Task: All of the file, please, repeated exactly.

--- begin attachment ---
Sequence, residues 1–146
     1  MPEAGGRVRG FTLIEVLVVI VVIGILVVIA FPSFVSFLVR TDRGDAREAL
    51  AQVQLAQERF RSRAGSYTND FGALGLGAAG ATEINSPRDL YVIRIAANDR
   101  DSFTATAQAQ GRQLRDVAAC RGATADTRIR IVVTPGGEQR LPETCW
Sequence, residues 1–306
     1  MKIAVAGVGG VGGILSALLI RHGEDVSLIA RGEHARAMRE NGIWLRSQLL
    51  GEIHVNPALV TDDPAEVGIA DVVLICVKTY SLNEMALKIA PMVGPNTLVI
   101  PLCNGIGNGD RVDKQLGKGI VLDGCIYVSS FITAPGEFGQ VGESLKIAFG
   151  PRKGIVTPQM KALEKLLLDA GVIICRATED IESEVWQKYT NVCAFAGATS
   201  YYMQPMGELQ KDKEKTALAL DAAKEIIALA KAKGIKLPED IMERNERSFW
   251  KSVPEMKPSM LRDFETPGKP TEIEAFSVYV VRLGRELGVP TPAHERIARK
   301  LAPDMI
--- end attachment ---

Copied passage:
Sequence, residues 1–146
     1  MPEAGGRVRG FTLIEVLVVI VVIGILVVIA FPSFVSFLVR TDRGDAREAL
    51  AQVQLAQERF RSRAGSYTND FGALGLGAAG ATEINSPRDL YVIRIAANDR
   101  DSFTATAQAQ GRQLRDVAAC RGATADTRIR IVVTPGGEQR LPETCW
Sequence, residues 1–306
     1  MKIAVAGVGG VGGILSALLI RHGEDVSLIA RGEHARAMRE NGIWLRSQLL
    51  GEIHVNPALV TDDPAEVGIA DVVLICVKTY SLNEMALKIA PMVGPNTLVI
   101  PLCNGIGNGD RVDKQLGKGI VLDGCIYVSS FITAPGEFGQ VGESLKIAFG
   151  PRKGIVTPQM KALEKLLLDA GVIICRATED IESEVWQKYT NVCAFAGATS
   201  YYMQPMGELQ KDKEKTALAL DAAKEIIALA KAKGIKLPED IMERNERSFW
   251  KSVPEMKPSM LRDFETPGKP TEIEAFSVYV VRLGRELGVP TPAHERIARK
   301  LAPDMI